"Individual decision is not the main thing; the main thing is collective decision," he explained. "If there are one or two people who refuse, it will not be a problem. But if there is one figure who is vocal, able to create a narrative and mobilise the masses, it will be a problem."

Researchers experienced resistance in Yogyakarta to the Wolbachia programme too. "During the research phase in Jogja, 95 per cent of the population was willing to participate," he said, using the Javan city's informal name.

With "a few" creating and spreading "disinformation narratives", it took about a month to convince the community, recalled Dr Riris, who was part of the university's collaboration with the World Mosquito Programme until 2022, and is now researching the long-term impact of Wolbachia in Yogyakarta.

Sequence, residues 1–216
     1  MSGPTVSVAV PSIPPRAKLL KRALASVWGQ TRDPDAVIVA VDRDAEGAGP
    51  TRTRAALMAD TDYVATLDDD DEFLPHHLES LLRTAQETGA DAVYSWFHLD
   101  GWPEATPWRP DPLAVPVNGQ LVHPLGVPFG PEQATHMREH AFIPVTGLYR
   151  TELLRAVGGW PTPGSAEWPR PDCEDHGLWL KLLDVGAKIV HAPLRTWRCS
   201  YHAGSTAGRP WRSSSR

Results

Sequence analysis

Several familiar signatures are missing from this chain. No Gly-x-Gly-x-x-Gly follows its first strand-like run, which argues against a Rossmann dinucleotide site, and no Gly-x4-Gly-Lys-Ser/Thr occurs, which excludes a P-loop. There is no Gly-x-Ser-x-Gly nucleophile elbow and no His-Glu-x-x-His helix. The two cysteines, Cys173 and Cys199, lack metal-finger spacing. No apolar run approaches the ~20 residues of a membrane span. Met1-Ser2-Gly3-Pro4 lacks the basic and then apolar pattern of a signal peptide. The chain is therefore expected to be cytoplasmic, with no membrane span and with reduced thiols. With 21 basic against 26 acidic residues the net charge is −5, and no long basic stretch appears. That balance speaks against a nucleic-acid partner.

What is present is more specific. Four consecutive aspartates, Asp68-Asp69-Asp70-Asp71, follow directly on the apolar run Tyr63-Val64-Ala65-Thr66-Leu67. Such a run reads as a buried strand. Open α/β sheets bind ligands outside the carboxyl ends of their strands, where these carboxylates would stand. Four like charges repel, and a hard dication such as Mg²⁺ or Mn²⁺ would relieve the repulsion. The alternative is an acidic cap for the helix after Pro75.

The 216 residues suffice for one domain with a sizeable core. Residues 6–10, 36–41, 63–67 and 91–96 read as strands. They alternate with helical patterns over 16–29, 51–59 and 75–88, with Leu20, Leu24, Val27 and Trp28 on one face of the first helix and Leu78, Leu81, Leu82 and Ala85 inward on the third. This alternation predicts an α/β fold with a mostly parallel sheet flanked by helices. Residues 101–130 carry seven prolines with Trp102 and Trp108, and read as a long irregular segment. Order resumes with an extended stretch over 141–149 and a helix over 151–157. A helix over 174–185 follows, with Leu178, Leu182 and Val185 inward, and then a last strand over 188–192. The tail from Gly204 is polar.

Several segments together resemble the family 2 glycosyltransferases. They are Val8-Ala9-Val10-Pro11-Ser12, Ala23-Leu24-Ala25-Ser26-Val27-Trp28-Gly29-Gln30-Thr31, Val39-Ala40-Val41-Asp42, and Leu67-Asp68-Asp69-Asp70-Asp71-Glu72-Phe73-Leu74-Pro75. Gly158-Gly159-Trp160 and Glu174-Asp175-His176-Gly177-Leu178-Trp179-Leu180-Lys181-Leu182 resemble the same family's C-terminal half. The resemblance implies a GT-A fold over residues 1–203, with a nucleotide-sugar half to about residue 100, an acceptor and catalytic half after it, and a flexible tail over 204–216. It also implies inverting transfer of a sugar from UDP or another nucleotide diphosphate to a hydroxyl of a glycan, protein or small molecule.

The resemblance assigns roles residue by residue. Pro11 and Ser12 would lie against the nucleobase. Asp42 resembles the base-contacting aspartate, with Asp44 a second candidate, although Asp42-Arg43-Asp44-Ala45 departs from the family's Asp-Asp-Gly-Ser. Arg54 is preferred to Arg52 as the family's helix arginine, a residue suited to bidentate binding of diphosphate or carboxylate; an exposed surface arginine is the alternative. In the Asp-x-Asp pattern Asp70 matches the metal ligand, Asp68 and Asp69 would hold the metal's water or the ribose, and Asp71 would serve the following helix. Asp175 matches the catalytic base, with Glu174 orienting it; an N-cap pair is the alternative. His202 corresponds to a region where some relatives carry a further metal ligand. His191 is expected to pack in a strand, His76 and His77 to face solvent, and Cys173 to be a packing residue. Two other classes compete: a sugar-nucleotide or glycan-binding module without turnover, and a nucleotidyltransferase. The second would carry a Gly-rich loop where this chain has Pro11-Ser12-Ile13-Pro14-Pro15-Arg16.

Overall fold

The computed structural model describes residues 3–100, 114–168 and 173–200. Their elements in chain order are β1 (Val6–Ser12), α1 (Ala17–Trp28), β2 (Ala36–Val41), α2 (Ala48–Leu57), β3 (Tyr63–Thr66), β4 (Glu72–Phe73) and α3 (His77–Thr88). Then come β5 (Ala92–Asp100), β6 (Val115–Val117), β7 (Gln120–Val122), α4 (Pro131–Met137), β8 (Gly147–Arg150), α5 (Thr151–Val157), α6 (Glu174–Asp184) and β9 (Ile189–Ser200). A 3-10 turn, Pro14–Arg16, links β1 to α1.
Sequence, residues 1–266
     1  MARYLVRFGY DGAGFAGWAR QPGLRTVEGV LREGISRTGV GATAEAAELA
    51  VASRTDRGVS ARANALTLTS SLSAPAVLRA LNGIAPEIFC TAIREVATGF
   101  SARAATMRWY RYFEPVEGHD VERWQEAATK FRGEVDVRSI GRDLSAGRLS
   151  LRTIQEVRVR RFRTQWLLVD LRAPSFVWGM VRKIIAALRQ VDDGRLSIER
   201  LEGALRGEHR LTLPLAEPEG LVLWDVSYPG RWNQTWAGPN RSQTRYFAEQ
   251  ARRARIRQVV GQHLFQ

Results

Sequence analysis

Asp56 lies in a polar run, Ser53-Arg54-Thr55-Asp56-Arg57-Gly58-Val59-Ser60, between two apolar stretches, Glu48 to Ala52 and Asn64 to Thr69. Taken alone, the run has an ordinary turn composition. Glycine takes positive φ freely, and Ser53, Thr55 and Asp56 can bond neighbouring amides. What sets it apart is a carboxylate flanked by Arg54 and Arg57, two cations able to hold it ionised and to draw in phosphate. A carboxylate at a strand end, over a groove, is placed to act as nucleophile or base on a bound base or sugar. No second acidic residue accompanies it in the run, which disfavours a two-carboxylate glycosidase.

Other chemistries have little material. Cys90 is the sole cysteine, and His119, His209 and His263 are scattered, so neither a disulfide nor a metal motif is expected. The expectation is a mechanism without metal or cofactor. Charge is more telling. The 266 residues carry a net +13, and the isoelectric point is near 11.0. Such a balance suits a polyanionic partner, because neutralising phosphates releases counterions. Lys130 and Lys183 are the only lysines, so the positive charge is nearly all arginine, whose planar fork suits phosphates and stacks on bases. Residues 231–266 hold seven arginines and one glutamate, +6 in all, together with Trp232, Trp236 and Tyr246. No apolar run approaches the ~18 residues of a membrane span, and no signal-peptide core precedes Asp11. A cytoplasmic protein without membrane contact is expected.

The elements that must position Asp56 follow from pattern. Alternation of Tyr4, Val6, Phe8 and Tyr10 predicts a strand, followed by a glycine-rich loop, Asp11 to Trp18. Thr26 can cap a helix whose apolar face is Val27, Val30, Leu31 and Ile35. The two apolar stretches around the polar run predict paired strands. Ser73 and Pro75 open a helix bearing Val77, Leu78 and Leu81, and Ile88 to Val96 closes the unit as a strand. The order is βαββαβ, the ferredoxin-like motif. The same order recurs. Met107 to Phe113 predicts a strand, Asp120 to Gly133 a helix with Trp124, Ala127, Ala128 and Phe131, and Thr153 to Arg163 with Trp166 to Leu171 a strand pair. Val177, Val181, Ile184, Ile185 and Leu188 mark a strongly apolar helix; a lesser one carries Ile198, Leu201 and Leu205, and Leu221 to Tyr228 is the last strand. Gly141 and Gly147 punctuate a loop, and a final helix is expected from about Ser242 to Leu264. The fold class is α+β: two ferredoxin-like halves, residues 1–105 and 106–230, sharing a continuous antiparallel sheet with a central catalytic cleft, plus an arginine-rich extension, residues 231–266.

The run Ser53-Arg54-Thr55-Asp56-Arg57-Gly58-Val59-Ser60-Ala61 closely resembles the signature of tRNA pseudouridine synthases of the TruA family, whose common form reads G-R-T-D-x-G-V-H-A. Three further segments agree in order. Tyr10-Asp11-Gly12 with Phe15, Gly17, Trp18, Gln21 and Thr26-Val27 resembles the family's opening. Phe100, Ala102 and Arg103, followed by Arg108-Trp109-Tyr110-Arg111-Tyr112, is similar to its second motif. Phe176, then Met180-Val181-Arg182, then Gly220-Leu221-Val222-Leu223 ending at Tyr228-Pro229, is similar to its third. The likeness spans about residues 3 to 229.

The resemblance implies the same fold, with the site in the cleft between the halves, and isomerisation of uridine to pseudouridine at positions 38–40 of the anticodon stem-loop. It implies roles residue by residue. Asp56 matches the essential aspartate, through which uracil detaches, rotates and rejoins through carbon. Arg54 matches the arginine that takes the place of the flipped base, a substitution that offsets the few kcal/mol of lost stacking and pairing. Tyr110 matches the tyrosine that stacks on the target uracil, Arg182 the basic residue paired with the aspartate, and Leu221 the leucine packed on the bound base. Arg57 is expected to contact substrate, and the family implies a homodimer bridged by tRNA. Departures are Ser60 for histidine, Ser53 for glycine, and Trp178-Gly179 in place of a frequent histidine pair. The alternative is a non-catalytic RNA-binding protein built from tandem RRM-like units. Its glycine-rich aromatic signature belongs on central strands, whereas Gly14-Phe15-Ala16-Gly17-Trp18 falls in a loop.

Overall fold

Overall, the Yogyakarta experience showed "people are actually quite open to technology and willing to accept it. They become resistant when people scare them with disinformation", he said.

What stood out most from the resistance in Bali, was the "systematic disinformation", said Dr Riris.

"Fear is spread by disinformation that creates horror, such as of bionic mosquitoes, causing brain inflammation, or the Bill Gates conspiracy, all based on false information."

Bali postponement an opportunity

But the Bali postponement can be a "blessing in disguise", said Dr Riris.

"With this crisis, the public's attention and curiosity towards this technology is greater. If we can manage it well and not be defensive, providing information openly, it will be a good opportunity to inform the public about this technology," he said.